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East Wing

Room 01 - Post Impressionism

Room 1 of 28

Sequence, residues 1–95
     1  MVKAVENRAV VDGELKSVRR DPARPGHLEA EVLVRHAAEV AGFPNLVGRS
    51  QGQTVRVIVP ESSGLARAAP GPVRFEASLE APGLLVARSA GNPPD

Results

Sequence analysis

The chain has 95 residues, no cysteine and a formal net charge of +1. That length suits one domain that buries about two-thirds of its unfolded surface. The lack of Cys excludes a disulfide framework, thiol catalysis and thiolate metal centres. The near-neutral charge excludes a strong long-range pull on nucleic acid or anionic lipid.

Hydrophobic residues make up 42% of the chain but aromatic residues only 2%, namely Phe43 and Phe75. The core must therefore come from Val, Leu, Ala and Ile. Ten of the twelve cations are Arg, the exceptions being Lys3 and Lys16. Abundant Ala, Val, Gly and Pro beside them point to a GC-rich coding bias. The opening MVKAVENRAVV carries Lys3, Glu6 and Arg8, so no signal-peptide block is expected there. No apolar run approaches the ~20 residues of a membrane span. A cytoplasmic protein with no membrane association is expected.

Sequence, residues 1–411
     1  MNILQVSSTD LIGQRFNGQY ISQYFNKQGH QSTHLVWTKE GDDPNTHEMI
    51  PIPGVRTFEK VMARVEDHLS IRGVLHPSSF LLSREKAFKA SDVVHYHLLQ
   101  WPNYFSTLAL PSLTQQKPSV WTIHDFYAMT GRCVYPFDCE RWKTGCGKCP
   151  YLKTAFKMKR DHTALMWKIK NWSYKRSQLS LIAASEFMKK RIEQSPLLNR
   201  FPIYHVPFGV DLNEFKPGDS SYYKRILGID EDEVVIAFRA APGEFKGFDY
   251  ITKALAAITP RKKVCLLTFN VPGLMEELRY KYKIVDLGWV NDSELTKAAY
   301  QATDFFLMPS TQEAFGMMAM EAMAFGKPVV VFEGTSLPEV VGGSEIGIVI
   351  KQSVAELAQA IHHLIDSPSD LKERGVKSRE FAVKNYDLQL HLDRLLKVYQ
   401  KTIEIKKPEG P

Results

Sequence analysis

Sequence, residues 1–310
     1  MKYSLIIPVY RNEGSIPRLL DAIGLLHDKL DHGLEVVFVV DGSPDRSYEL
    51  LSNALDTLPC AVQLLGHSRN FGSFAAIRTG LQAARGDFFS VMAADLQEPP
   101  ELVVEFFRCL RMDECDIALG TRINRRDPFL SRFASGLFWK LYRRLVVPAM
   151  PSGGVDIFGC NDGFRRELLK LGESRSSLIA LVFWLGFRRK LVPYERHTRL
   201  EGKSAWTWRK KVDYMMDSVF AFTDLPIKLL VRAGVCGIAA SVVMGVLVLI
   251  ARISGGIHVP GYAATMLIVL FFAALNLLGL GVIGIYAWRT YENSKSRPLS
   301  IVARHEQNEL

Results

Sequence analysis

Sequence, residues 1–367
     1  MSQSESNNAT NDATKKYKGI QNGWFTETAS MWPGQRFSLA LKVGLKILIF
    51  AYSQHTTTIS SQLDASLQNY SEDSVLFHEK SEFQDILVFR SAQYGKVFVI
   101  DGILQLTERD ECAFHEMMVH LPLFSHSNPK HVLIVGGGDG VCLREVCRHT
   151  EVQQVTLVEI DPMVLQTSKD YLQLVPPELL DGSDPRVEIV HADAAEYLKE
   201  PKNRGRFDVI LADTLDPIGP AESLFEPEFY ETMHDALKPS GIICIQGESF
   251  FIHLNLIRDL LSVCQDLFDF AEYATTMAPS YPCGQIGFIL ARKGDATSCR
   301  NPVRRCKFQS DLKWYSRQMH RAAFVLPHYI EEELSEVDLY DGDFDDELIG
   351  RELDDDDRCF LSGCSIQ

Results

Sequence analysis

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The artists in this room travelled to France at the beginning of the 20th century, where they practised plein-air painting and were influenced by their post-Impressionist continental contemporaries. Recent developments in the packaging of paints had given a new mobility to artists and fuelled interest in painting outdoors, particularly in France. Artists concerned with the transformative qualities of light began to use faster, spontaneous painting techniques. William Leech’s seascape was painted in Concarneau, a Breton village which attracted artists working en plein air. In Orchard and Mountain (1913), Roderic O’Conor’s vigorous use of paint and colour contrast reminds us of his friendship and shared aesthetic with Paul Gauguin. Henry Phelan Gibb’s Paysage (1906) demonstrates purity of colour and spontaneous brush-strokes, as was favoured by the Fauves.